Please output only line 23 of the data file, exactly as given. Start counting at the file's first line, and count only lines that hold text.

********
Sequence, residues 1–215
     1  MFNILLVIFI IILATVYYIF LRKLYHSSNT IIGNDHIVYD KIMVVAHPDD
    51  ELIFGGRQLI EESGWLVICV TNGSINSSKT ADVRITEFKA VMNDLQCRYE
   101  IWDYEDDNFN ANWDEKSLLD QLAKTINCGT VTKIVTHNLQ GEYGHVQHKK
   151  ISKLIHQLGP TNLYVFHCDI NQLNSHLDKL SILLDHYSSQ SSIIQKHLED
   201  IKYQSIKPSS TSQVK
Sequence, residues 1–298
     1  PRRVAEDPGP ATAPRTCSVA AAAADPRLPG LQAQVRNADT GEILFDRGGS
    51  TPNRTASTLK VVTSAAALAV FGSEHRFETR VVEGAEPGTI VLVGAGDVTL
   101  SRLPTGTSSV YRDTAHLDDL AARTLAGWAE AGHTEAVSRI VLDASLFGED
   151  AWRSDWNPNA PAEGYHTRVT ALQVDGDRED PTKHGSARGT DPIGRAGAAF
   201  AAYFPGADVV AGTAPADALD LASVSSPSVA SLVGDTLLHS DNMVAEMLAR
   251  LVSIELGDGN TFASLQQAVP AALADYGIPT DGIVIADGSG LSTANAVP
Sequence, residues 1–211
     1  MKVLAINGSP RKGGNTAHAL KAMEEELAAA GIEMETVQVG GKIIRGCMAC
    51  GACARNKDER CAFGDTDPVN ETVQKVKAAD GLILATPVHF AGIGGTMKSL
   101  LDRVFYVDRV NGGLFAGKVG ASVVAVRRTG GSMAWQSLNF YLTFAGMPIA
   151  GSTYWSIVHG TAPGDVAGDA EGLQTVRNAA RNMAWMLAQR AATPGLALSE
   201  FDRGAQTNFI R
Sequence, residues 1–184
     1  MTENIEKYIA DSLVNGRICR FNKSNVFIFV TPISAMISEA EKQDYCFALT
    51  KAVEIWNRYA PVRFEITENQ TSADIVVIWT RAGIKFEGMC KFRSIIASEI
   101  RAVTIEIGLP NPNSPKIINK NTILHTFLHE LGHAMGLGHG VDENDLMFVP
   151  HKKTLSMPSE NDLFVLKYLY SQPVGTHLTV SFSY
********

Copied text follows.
   101  RAVTIEIGLP NPNSPKIINK NTILHTFLHE LGHAMGLGHG VDENDLMFVP